lems, rental fees and the change in study schedules don't make
that an ideal place either. Besides, it is not available to stu-
dents for use, and there is at least an equal need for indoor
courts for students and faculty as there is a need for them for
the tennis team.
An indoor facility would allow the expansion of a weak
intramural tennis program, and would allow the expansion of
instructional classes. Three would also be the possibility of
selting up a women's tennis program at a club level, and pos-
sibly a men's club level for those who are not quite up to var-
sity ability.
But as always the problem is money. Athletic Director Don
Canham and Varsity Coach Brian Eisner have been looking into
the costs and feasibility of several plans. One plan was to put
a bubble enclosure over the five courts adjacent to the IM
Building, but there have been vandalism problems at other
places where this has been done, and the cost would be about
There is no money for such an expenditure, according to
Canham, though, and the department is looking to "gifts" to
finance any building. Costs have also disposed of a plan for
a permanent steel enclosure over the courts - a project that
would cost around $450,000.
Canham thinks that the students might be able to fi-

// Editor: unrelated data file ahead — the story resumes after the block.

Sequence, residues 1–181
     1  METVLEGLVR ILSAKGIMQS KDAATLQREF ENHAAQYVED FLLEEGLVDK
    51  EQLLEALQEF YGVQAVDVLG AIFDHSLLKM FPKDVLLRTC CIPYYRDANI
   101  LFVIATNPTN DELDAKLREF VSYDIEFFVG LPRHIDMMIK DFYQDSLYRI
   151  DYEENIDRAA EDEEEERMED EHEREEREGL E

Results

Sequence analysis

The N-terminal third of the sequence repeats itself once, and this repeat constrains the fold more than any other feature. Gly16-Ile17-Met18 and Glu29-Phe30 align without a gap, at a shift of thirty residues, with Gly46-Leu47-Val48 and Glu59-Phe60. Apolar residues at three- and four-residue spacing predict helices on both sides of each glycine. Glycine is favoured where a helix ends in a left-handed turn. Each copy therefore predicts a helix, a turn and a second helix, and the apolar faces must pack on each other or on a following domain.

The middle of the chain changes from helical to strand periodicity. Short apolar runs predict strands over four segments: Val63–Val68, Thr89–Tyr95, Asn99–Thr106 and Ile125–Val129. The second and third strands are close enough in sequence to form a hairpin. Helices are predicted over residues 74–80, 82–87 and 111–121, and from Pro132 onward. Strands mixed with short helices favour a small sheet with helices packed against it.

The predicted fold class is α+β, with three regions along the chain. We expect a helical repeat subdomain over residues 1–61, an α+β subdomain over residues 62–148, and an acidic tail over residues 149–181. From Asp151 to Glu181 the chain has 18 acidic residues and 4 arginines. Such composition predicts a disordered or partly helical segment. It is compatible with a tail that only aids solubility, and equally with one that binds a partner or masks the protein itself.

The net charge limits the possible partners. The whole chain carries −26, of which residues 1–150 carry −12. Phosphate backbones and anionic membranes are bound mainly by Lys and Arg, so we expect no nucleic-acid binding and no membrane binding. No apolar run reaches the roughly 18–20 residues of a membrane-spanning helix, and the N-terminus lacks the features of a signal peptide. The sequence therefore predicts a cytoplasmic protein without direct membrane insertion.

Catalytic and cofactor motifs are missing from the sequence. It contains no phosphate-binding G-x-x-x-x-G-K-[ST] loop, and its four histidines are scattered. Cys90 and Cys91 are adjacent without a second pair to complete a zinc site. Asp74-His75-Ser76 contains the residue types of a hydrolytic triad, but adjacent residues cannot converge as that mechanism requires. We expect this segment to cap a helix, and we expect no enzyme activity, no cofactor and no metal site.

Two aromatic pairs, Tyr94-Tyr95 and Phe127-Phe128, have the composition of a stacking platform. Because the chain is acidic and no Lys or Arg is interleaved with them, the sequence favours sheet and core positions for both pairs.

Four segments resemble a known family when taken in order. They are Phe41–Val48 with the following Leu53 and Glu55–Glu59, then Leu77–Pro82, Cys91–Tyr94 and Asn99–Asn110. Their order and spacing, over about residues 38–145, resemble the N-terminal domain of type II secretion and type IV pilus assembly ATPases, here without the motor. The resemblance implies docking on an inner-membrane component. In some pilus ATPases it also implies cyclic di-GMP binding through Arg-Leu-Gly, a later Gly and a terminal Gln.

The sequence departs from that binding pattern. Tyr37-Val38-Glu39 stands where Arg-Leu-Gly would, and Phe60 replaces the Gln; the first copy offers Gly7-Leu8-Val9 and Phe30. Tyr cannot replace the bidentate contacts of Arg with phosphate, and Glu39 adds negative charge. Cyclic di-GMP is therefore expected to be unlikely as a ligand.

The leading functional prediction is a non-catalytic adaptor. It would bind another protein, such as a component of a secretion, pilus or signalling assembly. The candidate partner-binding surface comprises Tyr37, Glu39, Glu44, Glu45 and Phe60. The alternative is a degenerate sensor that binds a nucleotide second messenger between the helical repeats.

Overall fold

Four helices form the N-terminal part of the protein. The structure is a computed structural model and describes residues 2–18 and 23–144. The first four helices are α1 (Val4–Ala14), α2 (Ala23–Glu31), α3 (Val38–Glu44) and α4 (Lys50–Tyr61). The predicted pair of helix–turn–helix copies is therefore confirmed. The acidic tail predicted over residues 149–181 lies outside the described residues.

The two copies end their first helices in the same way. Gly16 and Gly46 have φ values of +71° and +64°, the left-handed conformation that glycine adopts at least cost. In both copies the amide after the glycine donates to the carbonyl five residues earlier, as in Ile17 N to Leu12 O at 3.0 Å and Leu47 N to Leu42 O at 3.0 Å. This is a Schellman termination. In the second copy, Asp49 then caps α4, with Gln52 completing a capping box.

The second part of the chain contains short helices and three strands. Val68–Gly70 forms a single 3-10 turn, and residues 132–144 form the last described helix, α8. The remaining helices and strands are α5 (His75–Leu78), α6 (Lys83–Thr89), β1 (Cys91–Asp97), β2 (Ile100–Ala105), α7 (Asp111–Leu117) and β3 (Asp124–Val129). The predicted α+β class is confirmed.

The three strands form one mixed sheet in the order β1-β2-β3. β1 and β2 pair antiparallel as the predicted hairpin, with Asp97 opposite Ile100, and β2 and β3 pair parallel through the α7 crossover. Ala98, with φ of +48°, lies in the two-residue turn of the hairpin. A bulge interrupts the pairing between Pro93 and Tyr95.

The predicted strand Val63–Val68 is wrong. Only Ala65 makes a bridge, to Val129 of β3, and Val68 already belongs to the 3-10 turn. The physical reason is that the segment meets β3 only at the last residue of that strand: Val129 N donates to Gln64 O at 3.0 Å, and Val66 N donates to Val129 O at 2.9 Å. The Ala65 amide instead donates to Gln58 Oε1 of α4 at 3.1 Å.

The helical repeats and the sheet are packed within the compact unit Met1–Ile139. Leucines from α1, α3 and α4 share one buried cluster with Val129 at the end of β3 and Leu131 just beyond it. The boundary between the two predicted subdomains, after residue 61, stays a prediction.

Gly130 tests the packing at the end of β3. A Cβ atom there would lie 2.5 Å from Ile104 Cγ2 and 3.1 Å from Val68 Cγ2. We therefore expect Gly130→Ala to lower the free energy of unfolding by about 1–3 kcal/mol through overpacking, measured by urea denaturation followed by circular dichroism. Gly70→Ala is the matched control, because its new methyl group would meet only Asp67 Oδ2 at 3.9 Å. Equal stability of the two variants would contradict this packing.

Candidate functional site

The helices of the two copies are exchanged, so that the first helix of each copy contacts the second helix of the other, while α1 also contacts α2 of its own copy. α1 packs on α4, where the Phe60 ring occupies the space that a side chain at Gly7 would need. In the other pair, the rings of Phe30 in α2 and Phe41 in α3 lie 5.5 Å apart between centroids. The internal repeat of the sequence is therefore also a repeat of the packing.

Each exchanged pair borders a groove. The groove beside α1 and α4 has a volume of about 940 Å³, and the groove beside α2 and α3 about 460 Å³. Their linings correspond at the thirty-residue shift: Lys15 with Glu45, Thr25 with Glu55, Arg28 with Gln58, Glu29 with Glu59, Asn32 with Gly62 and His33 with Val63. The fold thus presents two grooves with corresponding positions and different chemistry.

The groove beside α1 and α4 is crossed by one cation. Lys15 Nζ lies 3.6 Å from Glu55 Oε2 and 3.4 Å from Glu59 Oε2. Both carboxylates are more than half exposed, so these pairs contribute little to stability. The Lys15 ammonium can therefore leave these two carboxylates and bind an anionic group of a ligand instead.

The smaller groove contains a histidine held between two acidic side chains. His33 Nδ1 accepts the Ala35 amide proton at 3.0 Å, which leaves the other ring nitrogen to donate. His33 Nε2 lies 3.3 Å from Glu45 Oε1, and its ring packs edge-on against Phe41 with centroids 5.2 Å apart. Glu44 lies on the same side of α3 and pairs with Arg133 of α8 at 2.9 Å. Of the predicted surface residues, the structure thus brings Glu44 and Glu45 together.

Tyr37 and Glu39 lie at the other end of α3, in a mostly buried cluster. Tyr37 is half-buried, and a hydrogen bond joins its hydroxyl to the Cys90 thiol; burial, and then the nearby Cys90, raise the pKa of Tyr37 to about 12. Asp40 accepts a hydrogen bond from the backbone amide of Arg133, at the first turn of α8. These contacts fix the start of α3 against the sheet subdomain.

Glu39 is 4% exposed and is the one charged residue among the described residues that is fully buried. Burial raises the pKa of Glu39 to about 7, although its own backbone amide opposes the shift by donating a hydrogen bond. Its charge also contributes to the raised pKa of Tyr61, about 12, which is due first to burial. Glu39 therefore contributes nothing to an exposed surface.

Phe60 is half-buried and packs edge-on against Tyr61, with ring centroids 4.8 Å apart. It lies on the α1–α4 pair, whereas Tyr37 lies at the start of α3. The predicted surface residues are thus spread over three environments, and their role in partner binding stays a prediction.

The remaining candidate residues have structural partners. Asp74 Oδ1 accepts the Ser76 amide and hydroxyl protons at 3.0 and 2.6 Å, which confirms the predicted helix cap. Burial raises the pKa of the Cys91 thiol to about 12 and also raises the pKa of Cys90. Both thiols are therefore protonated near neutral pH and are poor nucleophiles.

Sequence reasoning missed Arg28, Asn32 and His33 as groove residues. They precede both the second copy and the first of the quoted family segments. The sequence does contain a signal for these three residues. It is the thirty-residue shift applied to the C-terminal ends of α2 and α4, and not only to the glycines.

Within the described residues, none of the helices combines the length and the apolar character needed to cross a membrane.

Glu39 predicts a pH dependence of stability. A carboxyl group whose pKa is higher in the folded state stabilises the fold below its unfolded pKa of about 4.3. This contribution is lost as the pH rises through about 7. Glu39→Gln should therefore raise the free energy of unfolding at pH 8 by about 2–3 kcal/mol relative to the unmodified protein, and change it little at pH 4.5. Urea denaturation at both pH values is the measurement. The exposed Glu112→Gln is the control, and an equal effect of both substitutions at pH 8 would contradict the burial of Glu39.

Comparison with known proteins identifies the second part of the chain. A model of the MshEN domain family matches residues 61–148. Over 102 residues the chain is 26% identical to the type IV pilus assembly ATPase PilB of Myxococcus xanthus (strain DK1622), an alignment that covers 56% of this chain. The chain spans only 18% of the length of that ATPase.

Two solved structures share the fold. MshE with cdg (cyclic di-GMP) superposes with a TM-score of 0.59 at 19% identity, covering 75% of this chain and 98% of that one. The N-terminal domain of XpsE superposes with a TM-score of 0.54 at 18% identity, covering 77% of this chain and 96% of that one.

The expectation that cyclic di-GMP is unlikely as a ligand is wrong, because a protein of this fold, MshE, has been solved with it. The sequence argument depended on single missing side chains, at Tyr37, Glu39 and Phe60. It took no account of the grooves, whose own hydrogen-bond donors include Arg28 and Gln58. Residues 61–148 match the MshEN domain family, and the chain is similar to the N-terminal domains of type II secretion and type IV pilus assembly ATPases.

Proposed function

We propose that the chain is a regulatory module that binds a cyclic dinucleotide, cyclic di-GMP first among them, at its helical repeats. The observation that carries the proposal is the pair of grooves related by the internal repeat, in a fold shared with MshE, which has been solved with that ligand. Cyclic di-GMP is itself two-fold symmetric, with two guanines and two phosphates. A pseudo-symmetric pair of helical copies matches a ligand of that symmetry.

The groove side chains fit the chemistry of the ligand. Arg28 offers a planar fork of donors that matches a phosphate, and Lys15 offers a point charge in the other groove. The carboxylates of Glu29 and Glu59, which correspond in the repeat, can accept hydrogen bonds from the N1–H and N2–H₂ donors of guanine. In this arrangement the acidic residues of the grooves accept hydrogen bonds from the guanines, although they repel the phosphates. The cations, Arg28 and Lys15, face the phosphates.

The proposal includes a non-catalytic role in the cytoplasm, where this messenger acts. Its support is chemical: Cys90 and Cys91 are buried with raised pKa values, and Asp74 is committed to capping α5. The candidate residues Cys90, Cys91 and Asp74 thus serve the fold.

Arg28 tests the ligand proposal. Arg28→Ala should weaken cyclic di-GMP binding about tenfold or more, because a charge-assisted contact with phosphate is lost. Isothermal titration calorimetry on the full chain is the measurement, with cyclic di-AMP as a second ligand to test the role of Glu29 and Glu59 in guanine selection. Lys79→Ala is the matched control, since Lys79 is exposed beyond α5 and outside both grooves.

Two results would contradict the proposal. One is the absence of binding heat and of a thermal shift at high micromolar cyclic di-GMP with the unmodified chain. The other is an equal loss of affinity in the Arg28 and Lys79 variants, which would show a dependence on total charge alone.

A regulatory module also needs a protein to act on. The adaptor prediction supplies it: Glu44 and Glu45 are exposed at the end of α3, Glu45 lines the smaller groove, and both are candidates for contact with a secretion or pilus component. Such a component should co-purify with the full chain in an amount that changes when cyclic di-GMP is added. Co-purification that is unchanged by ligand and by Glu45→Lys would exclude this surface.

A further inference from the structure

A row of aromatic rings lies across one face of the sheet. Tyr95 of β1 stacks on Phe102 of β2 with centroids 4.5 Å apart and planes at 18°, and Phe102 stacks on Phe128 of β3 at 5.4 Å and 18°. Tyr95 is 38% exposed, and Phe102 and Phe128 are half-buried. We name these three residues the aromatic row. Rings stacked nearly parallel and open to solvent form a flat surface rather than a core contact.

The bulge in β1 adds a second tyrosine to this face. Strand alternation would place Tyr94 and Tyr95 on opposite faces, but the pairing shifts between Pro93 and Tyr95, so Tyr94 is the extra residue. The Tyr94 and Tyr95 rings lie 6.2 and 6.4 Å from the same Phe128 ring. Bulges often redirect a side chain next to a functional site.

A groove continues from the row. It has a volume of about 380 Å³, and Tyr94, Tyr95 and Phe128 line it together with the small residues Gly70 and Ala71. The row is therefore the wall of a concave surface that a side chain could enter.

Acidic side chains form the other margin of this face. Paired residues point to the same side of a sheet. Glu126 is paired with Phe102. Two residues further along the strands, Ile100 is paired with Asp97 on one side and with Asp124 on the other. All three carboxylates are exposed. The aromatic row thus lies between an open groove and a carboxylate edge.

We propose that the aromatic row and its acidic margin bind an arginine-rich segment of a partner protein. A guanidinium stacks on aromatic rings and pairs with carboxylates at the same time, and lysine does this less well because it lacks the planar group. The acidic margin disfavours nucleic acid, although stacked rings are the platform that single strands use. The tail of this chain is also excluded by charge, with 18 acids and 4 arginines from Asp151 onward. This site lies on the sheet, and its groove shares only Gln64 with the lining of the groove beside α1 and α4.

nance a building themselves if they assess themselves a fee.
But this may be impractical. Not all students would be will-
ing to pay for tennis facilities even on a guaranteed refund
basis, since not all students would benefit.
And what about faculty? Perhaps they should contrib-
ute. This case, in one large way, is different than the stu-
dent bookstore. In the bookstore case, all students need
books, and a student bookstore has the tendency to keep
prices down in the privately owned stores as well. All stu-
dents benefit.
Something has to be done though, and even Canham sees
the acuteness of the need for indoor courts. He said:
"If I could borrow $400,000 to build a facility, I wouldn't
But he added that the chances for a new indoor facility in
the next couple of years are not very good. But there may
be some short run solution.
Yost Fieldhouse could have a new floor surface put in to
accommodate both tennis and basketball. This would be cheaper

than a new structure, although it would not solve the problem
of the joint demand for more basketball and tennis facilities.
The athletic department is looking into this possibility, and
should have some ideas about costs in a short time. I believe
that this solution would work out until more funds are found.